Just need a confirmation on something real quick.
If an algorithm takes n(n1)/2
tests to run, is the big oh O(n^2)
?
n(n1)/2 expands to (n^2 n) / 2
, that is (n^2/2)  (n/2)
(n^2/2)
and (n/2)
are the two functions components, of which n^2/2
dominates.
Therefore, we can ignore the  (n/2)
part.
From n^2/2
you can safely remove the /2 part in asymptotic notation analysis.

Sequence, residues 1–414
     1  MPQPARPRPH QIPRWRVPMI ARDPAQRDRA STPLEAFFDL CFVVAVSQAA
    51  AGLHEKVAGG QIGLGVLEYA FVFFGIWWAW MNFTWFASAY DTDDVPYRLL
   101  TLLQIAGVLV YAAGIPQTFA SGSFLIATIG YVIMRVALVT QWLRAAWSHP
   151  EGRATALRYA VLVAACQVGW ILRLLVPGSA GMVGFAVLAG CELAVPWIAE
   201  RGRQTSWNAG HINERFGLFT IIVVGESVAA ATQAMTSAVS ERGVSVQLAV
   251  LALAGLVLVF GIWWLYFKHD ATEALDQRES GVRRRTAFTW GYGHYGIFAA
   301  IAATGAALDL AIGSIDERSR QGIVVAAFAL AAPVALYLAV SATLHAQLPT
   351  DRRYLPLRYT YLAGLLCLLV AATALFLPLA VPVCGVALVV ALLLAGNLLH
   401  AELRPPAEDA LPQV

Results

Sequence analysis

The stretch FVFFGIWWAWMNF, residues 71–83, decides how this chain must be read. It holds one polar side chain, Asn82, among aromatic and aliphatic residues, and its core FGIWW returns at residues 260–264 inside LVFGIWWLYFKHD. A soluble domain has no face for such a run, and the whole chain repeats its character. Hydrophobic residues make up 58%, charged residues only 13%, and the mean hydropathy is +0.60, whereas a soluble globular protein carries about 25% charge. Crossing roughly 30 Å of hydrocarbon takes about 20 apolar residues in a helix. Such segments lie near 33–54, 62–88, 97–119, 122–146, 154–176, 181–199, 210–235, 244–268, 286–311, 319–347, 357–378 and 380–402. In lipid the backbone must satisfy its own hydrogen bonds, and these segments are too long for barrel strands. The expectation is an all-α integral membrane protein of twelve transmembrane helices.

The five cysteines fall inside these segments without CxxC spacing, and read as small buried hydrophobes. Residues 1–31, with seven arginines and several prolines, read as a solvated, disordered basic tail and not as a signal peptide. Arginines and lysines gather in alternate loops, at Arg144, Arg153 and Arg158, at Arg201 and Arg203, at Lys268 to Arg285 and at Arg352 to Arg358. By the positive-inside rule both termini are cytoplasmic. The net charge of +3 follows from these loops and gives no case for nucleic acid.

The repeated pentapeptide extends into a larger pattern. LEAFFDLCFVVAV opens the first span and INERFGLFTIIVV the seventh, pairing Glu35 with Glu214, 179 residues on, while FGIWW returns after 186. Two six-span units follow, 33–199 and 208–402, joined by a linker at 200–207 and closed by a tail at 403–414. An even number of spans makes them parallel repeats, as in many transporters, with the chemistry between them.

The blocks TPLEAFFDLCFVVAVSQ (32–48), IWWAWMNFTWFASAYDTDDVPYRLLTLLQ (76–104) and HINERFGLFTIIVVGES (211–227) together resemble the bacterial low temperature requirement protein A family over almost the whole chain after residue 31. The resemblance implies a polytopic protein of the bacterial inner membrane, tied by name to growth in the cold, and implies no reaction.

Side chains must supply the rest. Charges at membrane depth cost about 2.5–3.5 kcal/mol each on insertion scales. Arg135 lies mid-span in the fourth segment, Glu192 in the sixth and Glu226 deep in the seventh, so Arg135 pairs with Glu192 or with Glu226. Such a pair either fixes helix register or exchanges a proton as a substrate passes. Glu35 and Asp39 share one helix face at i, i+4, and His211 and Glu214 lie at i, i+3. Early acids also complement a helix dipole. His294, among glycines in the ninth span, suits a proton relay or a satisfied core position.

This simplifies to
n^2
Therefore yes, it is in O(n^2)
Yes, that is correct.
n(n1)/2
expands to n^2/2  n/2
:
The linear term n/2
drops off because it's of lower order. This leaves n^2/2
. The constant gets absorbed into the bigO, leaving n^2
.

1@Jay, you should accept the answer if you believe that is satisfies your question – dgraziotin Nov 24 '11 at 20:21
Yes, it is. n(n1)/2
is (n^2  n)/2
, which is clearly smaller than c*n^2
for all n>=1
if you pick a c
that's at least 1.